- Talk to your child about the viral nature of mobile phone communication. Hitting send means that it goes to a friend. But then it might also be sent on to that friend’s friends and their friends, including people your child doesn’t know.
- Talk to your child about being a good cybercitizen, and consider setting some ground rules for online behaviour. You can offer reminders about the rules from time to time. This sends a clear message to your child that you care.
Talking about relationships
- Talk with your child about his friends – get to know them if possible.
- Take an interest in and encourage your child to talk about crushes or romantic relationships.
- Have ongoing conversations with your child about sexual health and sexuality. If your child has a good understanding of sex and its part in adult relationships, she’ll be better able deal with sexting.
- Talk about what goes into positive relationships, including appropriate behaviour. A good starting point for these conversations is relationships on TV and in movies.
- If someone is pressuring your child to participate in sexting, talk with your child about the relationship. Is it one he wants to be in? Why?
Talking about managing a public profile
In this era of social networking, your child needs to learn how to manage her online profile. Talk with your child about the messages she’s sending about herself through her profile. Here are some talking points:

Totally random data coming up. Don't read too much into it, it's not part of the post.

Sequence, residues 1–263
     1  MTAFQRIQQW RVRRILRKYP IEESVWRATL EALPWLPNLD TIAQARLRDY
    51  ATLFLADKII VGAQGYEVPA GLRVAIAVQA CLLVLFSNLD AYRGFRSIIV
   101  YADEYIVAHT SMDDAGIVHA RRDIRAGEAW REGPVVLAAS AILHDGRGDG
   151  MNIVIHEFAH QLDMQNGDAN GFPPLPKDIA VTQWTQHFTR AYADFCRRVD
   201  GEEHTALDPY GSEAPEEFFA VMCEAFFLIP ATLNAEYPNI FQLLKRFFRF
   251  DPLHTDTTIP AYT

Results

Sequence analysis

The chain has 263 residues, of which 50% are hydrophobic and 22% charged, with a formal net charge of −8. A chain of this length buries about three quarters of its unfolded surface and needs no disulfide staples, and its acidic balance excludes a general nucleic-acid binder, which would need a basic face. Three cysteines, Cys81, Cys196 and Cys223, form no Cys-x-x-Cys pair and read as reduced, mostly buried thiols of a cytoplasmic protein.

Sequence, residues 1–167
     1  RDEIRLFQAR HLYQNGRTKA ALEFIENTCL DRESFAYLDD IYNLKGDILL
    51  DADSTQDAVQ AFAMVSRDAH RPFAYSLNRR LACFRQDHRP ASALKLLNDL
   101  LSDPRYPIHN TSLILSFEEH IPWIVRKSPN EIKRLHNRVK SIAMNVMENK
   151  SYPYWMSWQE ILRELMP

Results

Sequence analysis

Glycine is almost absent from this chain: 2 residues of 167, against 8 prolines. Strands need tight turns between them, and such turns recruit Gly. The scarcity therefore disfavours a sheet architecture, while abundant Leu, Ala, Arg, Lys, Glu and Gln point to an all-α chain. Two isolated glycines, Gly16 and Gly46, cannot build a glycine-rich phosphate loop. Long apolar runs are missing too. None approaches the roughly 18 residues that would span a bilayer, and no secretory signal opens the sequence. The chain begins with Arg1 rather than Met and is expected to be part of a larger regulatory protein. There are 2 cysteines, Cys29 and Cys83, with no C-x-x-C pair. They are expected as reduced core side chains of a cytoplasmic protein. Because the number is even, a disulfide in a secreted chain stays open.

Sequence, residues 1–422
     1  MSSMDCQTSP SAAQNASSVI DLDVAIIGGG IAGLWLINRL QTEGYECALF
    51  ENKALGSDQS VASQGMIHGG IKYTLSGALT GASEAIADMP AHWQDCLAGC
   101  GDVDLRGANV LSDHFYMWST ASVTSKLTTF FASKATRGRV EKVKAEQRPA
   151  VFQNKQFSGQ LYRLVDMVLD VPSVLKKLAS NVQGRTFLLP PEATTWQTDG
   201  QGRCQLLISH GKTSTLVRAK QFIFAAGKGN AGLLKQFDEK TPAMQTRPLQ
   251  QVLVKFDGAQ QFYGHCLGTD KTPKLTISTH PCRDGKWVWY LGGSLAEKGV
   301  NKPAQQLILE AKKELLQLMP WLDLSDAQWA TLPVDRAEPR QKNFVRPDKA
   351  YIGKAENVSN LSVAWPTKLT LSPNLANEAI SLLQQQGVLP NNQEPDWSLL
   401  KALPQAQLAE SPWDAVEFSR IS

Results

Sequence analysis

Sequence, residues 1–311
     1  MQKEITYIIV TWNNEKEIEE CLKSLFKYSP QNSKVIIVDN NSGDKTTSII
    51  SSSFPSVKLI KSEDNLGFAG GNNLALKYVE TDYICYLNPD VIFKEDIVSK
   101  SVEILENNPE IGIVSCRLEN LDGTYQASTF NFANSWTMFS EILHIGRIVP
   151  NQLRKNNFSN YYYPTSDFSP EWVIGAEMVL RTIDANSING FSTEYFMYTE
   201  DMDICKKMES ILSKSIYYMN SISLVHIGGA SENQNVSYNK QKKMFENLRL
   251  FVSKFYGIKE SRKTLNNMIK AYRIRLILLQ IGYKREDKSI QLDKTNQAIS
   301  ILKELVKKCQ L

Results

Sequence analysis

- What kind of public image do you want to have? How do you want people to think about you?
- What kind of photos and video of yourself are you happy for others to see and possibly copy, edit and upload onto different websites? Why?
- Would you be happy if those images ended up being seen by your friends at school, teachers, boss at your part-time job, or parents?
Talking about consequences and legal implications
You can use news stories or anecdotes to explore the short-term and long-term consequences of sexting with your child. Talking points might include the following:
- What are the consequences of taking, sending or sharing sexually explicit images or video of someone who is underage?
- Do you know you’re considered responsible, and that it is potentially illegal, if you simply forward a message that someone sent to you?
- What do you think is a fair legal response to sexting?
- What would happen to your friendships if you or friends send sexually explicit images?
- What do you think you can do to keep yourself safe?
If sexting is used in an unwelcome and ongoing way, it can become bullying
. If you think your child might be being bullied online or be engaging in bullying behaviour, read our article on cyberbullying
to see what you can do to help.
Sexting: facts and stats
Teenagers can sext as part of normal adolescent sexual experimentation:
- 20% of US teenagers have sent nude or semi-nude photos or videos of themselves to other people. Most of these photos or videos are sent to boyfriends or girlfriends, but some are sent to people they know only online.
- 39% of US teenagers have sent a sexually suggestive text message.
- 48% of US teenagers have received a sexually suggestive text message.
- 75% of US teenagers say that sexting can have ‘very negative consequences’.
A quarter of female teens and almost a third of male teens say they have been shown nude or semi-nude photos that were originally meant for someone else.